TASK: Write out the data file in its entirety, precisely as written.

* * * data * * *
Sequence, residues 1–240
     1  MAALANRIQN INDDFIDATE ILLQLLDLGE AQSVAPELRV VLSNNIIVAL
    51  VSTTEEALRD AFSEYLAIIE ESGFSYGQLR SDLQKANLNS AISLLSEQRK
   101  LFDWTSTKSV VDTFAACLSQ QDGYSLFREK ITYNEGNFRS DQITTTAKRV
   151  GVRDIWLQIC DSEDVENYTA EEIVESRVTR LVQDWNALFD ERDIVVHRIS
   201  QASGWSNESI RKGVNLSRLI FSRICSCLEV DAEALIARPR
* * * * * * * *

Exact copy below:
Sequence, residues 1–240
     1  MAALANRIQN INDDFIDATE ILLQLLDLGE AQSVAPELRV VLSNNIIVAL
    51  VSTTEEALRD AFSEYLAIIE ESGFSYGQLR SDLQKANLNS AISLLSEQRK
   101  LFDWTSTKSV VDTFAACLSQ QDGYSLFREK ITYNEGNFRS DQITTTAKRV
   151  GVRDIWLQIC DSEDVENYTA EEIVESRVTR LVQDWNALFD ERDIVVHRIS
   201  QASGWSNESI RKGVNLSRLI FSRICSCLEV DAEALIARPR